Neil Young & Crazy Horse, released their live album, Way Down in the Rust Bucket, via Reprise Records on February 26th.
Neil Young & Crazy Horse released a new live album and concert film, Way Down in the Rust Bucket, this last week via Reprise Records. The release is part of Neil Young’s famed Archives, a long going project to release and catalogue Neil Young’s 50 plus years of music.
Way Down in the Rust Bucket was recorded in 1990, at The Catalyst in Santa Cruz, CA, in preparation for the 1991, Ragged Glory tour. It is considered Volume 11.5 of the Performance Series within the Neil Young Archives.
Neil Young is a cultural (and now American!) treasure whose music not only defined the county-folk-rock scene, but drug it out of the 60s and 70s, and to its new home in 2021. With that said, I think Neil Young with Crazy Horse is an acquired taste. I will always choose Neil Young’s work without Crazy Horse, preferring his more traditional folk-country roots to the jam-band vibe that comes with the collaboration; however, I know many Baby Boomers (my mama) who love Crazy Horse.
As a rule, I do not like live albums. I prefer clean recordings with great mixing. I want to believe this is the band’s intended perfect sound. Which makes it all the more great when you see a band live whose craft lives up to their album. However, I would say the generation that loves Neil running with the Horses also has a predilection for live albums. My assumption stems from the idea that live albums were the next best thing for many fans who could never dream of seeing their heroes live (again, my mother, living in small town, Wyoming). As a result, listening to a live album was an event in itself, of which I’m envious. I wish that more people still listened to albums in full and connected with the album’s story (I suppose people still do. If you’re reading this, I’m guessing you’re one of these people and that you also know the type of people whose music listening practices we all bemoan). With that said though, a live album is the equivalent of slapping your dick down on the table and asking other bands to measure up. You cannot depend on mixing. You cannot depend on the studio bassist that was hired to compensate for your Sid Vicious. You can only rely on your band, its tightness and your artistic statement to speak for itself. (And of course the amazing recording and sound engineers who make the album and clarity possible.) In a scene where more and more bands can’t hold their own and do more air-guitar and lip syncing than playing, it may be time for live albums to make a comeback.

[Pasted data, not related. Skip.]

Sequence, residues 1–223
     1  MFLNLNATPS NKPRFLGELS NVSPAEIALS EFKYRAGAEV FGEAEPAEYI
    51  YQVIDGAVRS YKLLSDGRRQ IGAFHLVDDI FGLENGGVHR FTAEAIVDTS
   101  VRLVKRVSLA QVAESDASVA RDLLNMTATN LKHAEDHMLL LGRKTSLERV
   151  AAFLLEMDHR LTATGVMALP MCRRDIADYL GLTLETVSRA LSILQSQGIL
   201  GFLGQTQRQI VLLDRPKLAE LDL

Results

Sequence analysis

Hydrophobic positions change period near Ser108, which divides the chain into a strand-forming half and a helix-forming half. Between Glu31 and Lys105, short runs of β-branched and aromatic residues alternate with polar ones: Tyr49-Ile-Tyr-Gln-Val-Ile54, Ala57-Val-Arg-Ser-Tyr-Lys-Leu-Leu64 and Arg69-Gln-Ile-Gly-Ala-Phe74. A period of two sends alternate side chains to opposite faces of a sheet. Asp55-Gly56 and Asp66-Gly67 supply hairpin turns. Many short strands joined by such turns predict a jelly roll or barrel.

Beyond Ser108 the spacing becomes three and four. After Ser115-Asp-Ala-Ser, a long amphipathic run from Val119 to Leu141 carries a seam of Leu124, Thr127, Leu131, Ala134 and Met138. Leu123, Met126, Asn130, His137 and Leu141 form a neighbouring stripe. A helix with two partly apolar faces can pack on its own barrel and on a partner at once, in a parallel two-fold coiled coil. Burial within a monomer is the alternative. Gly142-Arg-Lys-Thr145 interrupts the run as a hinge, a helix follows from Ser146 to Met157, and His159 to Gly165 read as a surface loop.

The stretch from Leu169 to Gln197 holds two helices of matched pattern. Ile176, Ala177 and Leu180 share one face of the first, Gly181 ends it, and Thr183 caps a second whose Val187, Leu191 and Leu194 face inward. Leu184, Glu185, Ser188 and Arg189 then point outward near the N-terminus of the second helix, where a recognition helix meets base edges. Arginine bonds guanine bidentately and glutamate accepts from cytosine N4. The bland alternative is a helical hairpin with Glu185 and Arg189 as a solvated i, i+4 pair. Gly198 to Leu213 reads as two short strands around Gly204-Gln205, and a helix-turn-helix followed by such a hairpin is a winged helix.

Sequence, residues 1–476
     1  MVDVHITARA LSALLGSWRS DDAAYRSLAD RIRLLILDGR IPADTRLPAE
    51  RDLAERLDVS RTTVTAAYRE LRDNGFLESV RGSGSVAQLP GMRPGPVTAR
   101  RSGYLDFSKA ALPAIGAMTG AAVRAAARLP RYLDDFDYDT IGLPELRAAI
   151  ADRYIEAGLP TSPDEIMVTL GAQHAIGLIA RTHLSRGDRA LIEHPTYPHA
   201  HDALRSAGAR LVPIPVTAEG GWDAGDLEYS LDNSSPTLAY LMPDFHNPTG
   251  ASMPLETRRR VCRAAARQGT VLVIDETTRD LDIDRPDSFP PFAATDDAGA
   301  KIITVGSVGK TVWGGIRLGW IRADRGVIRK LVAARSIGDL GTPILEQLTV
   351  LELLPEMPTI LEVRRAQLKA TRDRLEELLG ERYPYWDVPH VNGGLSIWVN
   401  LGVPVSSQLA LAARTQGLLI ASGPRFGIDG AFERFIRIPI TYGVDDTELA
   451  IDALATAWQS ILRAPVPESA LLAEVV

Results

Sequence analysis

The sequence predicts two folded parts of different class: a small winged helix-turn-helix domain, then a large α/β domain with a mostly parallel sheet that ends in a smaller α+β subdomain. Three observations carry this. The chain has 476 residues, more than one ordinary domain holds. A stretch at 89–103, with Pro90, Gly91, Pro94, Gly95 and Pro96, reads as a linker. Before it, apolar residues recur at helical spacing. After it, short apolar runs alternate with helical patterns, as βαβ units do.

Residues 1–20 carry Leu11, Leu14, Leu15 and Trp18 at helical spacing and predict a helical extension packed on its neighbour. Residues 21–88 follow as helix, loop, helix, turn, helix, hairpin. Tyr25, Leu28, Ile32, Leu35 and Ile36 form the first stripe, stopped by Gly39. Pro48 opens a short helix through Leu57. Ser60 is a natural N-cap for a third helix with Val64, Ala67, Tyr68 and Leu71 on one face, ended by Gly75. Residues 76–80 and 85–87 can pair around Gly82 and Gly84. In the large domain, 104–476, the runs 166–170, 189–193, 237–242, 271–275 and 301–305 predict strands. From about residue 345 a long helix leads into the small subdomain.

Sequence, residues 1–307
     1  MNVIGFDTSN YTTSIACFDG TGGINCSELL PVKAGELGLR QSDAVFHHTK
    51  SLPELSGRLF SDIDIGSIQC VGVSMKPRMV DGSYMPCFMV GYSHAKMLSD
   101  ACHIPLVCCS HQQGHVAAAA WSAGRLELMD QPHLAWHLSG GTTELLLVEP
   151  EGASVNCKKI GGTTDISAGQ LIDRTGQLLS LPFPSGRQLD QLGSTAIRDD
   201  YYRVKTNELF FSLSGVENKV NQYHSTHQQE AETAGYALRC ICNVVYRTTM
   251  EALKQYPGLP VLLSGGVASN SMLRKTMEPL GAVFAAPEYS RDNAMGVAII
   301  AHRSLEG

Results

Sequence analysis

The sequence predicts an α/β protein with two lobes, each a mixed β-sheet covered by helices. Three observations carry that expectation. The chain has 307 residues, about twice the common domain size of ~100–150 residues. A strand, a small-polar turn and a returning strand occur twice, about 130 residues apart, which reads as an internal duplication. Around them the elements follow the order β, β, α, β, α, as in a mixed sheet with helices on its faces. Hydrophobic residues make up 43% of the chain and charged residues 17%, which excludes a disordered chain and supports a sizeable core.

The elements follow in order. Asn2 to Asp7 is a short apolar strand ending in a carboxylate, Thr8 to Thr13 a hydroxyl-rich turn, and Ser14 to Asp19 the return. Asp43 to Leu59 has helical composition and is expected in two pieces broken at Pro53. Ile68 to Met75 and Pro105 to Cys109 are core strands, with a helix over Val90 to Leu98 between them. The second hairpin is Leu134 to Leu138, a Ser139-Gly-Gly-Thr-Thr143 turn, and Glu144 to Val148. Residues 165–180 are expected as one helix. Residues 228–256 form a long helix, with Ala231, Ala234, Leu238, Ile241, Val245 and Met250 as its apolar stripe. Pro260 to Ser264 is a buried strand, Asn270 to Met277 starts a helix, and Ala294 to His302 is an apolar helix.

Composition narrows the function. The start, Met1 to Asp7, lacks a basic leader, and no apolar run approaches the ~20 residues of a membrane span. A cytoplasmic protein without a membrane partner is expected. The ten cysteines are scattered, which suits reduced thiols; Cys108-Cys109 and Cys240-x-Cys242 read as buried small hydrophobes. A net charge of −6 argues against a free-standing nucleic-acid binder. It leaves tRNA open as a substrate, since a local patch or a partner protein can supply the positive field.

If you have 2 1/2 hours to spare in your hectic lives, dim the lights, roll a joint, and attend the recording at The Catalyst. I’m certain my mama has already bought the film.
Way Down in the Rust Bucket track overview:
- ‘Country Home’ – Ragged Glory, 1990
- ‘Surfer Joe and Moe the Sleaze’ – Re-act-or, 1981
- ‘Love to Burn’ – Ragged Glory, 1990
- ‘Days that Used to Be’ – Ragged Glory, 1990
- ‘Bite the Bullet’ – American Stars ‘N Bars, 1977.
- ‘Cinnamon Girl’ – Everybody Know this is Nowhere, 1969; first album Neil Young recorded with Crazy Horse
- ‘Farmer Joe’ – Ragged Glory, 1990
- ‘Over and Over’ – Ragged Glory, 1990
- ‘Damage Bird’ – Zuma, 1975
- ‘Don’t Cry No Tears’ – Zuma, 1975
- ‘Sedan Darling’ – Rest Never Sleeps, 1979
- ‘Roll Another Number (For the Road)’ – Tonight’s the Night, 1979
- ‘Fuckin’ Up’ – Ragged Glory, 1990
- ‘T-Bone’ – Re-act-or, 1981
- ‘Homegrown’ – First released on American Stars ‘N Bars, 1977; recently released on Homegrown, another Archives album (and one of my favorites!)
- ‘Mansion on the Hill’ – Ragged Glory, 1990
- ‘Like a Hurricane’ – American Stars ‘N Bars, 1977
- ‘Love and Only Love’ – Ragged Glory, 1990
- ‘Cortez the Killer’ – Zuma, 1975
Find the album & concert film here.